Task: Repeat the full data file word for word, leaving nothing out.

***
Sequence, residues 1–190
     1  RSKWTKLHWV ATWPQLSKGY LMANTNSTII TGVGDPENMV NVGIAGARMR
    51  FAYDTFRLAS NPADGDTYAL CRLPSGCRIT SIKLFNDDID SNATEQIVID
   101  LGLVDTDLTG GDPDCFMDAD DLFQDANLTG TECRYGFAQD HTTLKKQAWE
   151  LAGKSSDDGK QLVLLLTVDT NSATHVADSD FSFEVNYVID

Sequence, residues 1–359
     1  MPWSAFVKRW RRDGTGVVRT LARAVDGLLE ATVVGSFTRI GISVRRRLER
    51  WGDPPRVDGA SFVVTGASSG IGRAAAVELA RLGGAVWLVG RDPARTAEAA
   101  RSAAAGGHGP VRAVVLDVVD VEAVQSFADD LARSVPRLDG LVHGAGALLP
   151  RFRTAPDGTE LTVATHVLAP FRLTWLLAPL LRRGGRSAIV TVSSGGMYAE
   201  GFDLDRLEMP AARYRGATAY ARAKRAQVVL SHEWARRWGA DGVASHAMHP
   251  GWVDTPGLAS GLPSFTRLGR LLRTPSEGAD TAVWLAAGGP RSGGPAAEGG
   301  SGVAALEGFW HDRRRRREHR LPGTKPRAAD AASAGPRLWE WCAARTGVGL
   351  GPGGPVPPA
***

Sequence, residues 1–190
     1  RSKWTKLHWV ATWPQLSKGY LMANTNSTII TGVGDPENMV NVGIAGARMR
    51  FAYDTFRLAS NPADGDTYAL CRLPSGCRIT SIKLFNDDID SNATEQIVID
   101  LGLVDTDLTG GDPDCFMDAD DLFQDANLTG TECRYGFAQD HTTLKKQAWE
   151  LAGKSSDDGK QLVLLLTVDT NSATHVADSD FSFEVNYVID

Sequence, residues 1–359
     1  MPWSAFVKRW RRDGTGVVRT LARAVDGLLE ATVVGSFTRI GISVRRRLER
    51  WGDPPRVDGA SFVVTGASSG IGRAAAVELA RLGGAVWLVG RDPARTAEAA
   101  RSAAAGGHGP VRAVVLDVVD VEAVQSFADD LARSVPRLDG LVHGAGALLP
   151  RFRTAPDGTE LTVATHVLAP FRLTWLLAPL LRRGGRSAIV TVSSGGMYAE
   201  GFDLDRLEMP AARYRGATAY ARAKRAQVVL SHEWARRWGA DGVASHAMHP
   251  GWVDTPGLAS GLPSFTRLGR LLRTPSEGAD TAVWLAAGGP RSGGPAAEGG
   301  SGVAALEGFW HDRRRRREHR LPGTKPRAAD AASAGPRLWE WCAARTGVGL
   351  GPGGPVPPA